INDIANAPOLIS: Health insurer Anthem is proactively reaching out to members to specifically explain that there is no evidence credit card or medical information was targeted or compromised as part of the data breach it discovered last week.
Ketchum, Anthem’s AOR, is providing the health insurance giant with subject matter experts and advising the company on best practices, said Kristin Binns, VP of PR at the insurer.
"Our main priority is to be clear about the information we have assessed that has not been included in this breach, such as medical, banking, and credit card information," Binns explained. "We want to make this clear to our customers, so we start eliminating initial concerns as best we can."
Attackers did, however, gain unauthorized access to Anthem’s IT system and obtained personal information from current and former customers, such as their names, birthdays, medical IDs, Social Security numbers, street addresses, email addresses, and employment information. They may have also stolen income data, Anthem president and CEO Joseph Swedish confirmed in an open letter posted on the company’s website.
After a string of cyberattacks against major companies in the US and globally in recent years, Binns said customers expect organizations to communicate about breaches as soon as possible and transparently.
"We were very cognizant about being expeditious with our response," she said, noting that her team executed a notification plan within a week of becoming aware of the attack. "But the challenge with this was making sure we had enough information to ensure what we were putting out there was accurate."
Once the attack was discovered, Anthem "immediately made every effort to close the security vulnerability, contacted the FBI, and began fully cooperating with their investigation," Swedish said in his letter. It also retained cybersecurity firm Mandiant to evaluate Anthem’s systems and identify solutions, Swedish added.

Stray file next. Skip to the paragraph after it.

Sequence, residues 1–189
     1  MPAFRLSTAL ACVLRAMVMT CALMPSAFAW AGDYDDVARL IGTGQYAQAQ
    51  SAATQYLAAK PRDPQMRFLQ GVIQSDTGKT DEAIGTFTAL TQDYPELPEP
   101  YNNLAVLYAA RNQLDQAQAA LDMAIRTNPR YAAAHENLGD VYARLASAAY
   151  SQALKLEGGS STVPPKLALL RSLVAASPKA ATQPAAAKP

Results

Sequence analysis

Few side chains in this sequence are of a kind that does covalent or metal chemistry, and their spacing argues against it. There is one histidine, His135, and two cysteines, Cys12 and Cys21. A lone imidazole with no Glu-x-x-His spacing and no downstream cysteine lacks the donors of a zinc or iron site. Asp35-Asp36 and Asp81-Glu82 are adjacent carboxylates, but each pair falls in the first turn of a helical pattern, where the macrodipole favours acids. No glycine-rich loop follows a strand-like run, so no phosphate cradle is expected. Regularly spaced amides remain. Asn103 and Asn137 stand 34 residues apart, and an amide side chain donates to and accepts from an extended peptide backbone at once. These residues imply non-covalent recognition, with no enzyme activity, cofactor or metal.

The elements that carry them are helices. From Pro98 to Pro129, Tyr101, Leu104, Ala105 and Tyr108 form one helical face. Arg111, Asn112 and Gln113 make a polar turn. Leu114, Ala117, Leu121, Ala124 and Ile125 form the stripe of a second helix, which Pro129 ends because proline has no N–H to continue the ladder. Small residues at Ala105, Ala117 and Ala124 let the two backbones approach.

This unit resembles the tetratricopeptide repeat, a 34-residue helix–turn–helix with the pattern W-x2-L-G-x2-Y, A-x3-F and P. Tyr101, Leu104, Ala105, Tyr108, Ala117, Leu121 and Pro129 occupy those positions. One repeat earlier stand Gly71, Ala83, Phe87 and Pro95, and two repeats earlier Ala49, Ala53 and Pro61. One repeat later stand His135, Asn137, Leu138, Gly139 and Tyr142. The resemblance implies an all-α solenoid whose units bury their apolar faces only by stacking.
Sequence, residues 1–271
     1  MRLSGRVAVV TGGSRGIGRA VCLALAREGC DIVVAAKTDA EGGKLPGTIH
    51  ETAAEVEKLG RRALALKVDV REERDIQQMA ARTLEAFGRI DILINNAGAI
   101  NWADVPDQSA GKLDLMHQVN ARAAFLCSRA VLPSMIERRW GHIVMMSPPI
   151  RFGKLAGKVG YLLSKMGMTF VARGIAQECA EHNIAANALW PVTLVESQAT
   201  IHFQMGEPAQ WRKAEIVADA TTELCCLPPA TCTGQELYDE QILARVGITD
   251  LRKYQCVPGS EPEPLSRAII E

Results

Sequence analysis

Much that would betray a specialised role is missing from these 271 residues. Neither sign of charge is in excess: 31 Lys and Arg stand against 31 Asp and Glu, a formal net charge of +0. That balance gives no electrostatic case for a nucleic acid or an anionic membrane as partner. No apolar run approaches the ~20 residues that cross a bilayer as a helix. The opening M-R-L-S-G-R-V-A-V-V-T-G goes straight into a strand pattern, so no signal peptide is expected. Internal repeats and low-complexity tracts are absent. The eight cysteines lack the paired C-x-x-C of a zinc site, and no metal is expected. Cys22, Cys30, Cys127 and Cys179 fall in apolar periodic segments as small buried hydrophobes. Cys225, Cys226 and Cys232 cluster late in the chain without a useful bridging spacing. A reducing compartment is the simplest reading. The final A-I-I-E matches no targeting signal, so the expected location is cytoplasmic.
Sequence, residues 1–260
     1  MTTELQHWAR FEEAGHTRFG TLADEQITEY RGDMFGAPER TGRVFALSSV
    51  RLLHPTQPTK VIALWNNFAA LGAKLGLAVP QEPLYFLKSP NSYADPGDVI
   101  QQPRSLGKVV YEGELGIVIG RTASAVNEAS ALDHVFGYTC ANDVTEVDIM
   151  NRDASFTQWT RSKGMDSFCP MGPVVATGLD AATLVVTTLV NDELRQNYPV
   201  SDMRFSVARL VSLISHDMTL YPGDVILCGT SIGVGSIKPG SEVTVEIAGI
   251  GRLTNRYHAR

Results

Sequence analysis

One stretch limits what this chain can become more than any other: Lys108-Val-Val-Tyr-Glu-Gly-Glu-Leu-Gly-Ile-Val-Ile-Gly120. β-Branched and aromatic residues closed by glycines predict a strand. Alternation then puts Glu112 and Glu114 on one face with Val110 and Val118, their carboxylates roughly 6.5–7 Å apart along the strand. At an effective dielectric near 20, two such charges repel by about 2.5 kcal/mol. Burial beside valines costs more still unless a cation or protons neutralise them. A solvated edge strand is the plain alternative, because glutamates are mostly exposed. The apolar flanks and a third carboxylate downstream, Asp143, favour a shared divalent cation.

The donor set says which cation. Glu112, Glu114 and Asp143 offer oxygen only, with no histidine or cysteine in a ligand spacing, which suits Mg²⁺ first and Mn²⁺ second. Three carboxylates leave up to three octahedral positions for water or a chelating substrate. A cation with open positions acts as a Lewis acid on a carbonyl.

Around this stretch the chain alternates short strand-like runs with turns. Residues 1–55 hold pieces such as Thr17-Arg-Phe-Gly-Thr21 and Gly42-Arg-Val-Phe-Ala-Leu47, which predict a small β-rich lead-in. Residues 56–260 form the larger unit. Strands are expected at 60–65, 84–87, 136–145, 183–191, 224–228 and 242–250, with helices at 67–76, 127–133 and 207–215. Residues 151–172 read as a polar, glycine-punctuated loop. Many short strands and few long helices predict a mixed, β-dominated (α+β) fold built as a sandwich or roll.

Anthem also launched a microsite, which customers could access via a link from the company’s homepage, that includes an FAQ list and Swedish’s letter. It also emailed the memo directly to customers who opted to receive information from the company, Binns said.
The insurer also shared the open letter on Anthem’s social media channels on Facebook and Twitter.
1/ Anthem was the victim of a cyber attack. No evidence medical or credit card information was compromised. More at http://t.co/ilKRmawhM6— Anthem, Inc. (@AnthemInc) February 5, 2015
Although Anthem established the microsite to eliminate customers’ need to call the company by providing them with information they might want, it also set up a hotline for anyone with questions or concerns.
Anthem’s comms team has also reached out to technology and healthcare reporters, Binns said.
Because the personal information of Anthem staffers was also included in the breached data set, Binns noted that the comms team is offering insight about what the organization will do to protect its own employees. The company shared a different open letter to staffers from Swedish across its offices on Wednesday night.
"Anthem’s own associates’ personal information – including my own – was accessed during this security breach," Swedish said in his letter. "We join you in your concern and frustration, and I assure you that we are working around the clock to do everything we can to further secure your data."
The breach follows the high-profile cyberattack on Sony Pictures Entertainment last year, for which authorities have blamed North Korean hackers. That incident was connected to the studio’s film The Interview, which comically depicted the assassination of dictator Kim Jong Un.
Retailers are also among the best-known victims of cyberattacks. Target publicly acknowledged that the credit and debit-card data of 40 million customers was exposed, as was a second batch with the personal information of 70 million people, during the 2013 holiday season.
Burson-Marsteller helped Target respond to the data breach.